Healthcare best practices and hospital policies can feel like moving targets to healthcare providers who may find it tempting to turn to dangerously unreliable resources such as YouTube or Google and come away with information that may put patients at risk. In addition, traditional resources such as nurse managers and other more experienced nurses may not be as readily available as COVID-19 wanes leaving the healthcare industry with a worsening nursing shortage and higher-than-average numbers of travel nurses.
An attempt to actually quantify the quality of clinical information that can be found on YouTube was undertaken in a recent study published by the National Institute of Health (NIH). More than 22,000 videos were evaluated by one or multiple assessors using a score between 1 and 3. The aggregated results indicated that the majority of those videos were of average to below-average quality.
But when you strip away those less-reliable resources, providers still need access to safe, reliable clinical information, so how do healthcare leaders make sure that their providers have access to the best, evidence-based resources?
Understandably, nurses may feel as if they are in a constant state of information overload and it is unrealistic to expect that they will be able to retain all of the new clinical and administrative information. Sources such as YouTube and Google are familiar to providers and they certainly might appear to have good information that may answer some of their clinical questions, but there is no way to know if they have accessed information that is safe, reliable and accurate.
YouTube is currently home to tens of thousand of surgery-related videos alone and it is perhaps not surprising that both physicians and nurses have come to rely on sources like this for quick access to information. YouTube is in the nascent stages of trying to vet some of this material, but may never be able to meet even the minimum standards for quality that most hospitals would require to ensure safe, effective, reliable care.
While you may not be comfortable with staff using any form of social media for clinical information, it is likely that they will continue to do so in the absence of a readily available resource. So are there better options, and what are they?
Nurses and other providers are turning to less-reliable sources because they need quick answers at the bedside. The good news is that HealthStream has a solution that can put safe, reliable information in the hands of your nurses and they can access it from the same place that they would be able to access less-reliable sources – at the patient’s bedside. HealthStream is proud to offer EBSCO’s library of skills and decision support tools. The library is available from any device and is available 24/7. Perhaps most importantly, it is built on evidence-based resources that you and your organization can trust.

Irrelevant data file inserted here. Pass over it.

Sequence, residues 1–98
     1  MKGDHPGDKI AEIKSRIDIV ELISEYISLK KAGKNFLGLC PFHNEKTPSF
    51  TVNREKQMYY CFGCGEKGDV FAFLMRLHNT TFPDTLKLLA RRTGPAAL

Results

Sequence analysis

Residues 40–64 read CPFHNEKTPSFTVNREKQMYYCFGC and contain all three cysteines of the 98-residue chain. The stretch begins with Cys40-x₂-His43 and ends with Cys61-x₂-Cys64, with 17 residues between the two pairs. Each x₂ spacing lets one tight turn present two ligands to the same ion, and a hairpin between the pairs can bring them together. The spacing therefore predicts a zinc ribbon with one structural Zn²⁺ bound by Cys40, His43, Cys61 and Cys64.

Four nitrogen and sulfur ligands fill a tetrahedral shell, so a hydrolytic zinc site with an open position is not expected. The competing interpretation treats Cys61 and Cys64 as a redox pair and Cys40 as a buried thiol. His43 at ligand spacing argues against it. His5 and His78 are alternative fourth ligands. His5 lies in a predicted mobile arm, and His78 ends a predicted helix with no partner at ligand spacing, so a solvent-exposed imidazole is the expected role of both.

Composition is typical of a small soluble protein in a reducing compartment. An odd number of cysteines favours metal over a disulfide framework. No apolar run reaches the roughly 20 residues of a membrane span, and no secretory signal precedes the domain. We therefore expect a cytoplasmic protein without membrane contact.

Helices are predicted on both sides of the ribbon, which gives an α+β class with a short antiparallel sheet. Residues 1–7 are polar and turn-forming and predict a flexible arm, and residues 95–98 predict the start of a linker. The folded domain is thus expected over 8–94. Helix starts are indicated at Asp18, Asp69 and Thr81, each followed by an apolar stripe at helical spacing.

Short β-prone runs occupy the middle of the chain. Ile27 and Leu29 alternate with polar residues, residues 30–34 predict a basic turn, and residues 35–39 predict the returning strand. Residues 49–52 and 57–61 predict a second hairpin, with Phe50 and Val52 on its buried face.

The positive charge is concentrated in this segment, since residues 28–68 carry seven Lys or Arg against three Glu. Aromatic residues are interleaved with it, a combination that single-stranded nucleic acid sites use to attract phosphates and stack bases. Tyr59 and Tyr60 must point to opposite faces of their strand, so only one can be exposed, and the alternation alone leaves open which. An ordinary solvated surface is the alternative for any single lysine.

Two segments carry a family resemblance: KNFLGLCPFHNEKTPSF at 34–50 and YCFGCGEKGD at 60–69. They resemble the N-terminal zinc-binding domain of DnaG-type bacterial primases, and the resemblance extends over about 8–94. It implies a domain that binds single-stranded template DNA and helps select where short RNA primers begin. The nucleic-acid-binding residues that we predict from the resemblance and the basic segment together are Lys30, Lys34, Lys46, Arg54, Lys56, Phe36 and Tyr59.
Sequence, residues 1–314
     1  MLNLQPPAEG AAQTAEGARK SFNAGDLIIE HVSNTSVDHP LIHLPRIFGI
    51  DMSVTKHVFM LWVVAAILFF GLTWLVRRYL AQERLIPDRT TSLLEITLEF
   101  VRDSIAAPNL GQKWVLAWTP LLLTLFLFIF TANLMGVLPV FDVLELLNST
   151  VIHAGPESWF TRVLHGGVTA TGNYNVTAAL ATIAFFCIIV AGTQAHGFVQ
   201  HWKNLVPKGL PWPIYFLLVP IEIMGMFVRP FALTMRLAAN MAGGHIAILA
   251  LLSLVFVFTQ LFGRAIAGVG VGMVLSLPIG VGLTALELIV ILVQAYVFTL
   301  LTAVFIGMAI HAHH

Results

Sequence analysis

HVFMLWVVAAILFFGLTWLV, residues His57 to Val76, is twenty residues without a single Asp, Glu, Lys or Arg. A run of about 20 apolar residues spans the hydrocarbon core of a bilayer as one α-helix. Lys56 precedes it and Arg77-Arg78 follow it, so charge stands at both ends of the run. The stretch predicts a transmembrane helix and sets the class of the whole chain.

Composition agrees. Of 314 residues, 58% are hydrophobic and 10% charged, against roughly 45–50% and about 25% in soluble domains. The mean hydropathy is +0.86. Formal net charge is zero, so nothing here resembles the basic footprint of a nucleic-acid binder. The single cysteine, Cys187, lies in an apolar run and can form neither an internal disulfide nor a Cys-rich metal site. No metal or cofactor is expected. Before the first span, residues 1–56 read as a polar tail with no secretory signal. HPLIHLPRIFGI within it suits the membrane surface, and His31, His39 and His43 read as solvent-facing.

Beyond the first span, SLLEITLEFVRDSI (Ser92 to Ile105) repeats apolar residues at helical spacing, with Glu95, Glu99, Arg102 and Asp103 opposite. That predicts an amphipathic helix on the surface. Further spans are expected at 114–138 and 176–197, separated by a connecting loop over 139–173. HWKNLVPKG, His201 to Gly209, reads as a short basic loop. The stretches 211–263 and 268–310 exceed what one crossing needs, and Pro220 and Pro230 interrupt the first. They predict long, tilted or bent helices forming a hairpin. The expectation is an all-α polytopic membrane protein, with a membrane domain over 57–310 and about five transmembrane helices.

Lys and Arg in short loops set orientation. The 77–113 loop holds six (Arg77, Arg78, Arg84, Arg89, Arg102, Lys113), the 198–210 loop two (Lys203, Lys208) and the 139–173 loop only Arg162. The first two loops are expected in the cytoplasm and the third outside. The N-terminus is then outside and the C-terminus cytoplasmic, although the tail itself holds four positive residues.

EBSCO is a database and search engine with content that is regularly updated and vetted by clinicians. It is organized by clinical skills, diseases, conditions, signs and symptoms, various care interventions and diagnostic tests. Because of the breadth and scope of resources, EBSCO can also be used for onboarding new nurses.
Healthcare organizations can trust that their providers are acting on information that matches the latest best practices as EBSCO’s team of certified medical librarians are regularly researching and updating all available literature in partnership with writers who will then evaluate new material for trustworthiness and relevance. Using HealthStream and EBSCO means that nurses have access to a single source of clinical truth resulting in a reduction in practice variation and a reduction in the risk that is incurred when nurses are consulting unreliable sources.
EBSCO's Dynamic Health provides more than 2,000 evidence-based resources across 50 different specialties. Both staff and leaders can feel confident that they will find the answers that they are looking for. Staff competence, confidence, and satisfaction is improved when staff have access to reliable tools.
In addition to providing safe and reliable content, EBSCO also supports multiple learning styles through the use of video clips, diagrams, full-color images and an audio player. The competency checklist integrates fully with HealthStream’s Checklist solution making it easy for leaders to document which skills have been accessed and completed. The solution is appropriate for use by nurses, clinical educators and allied health professionals.
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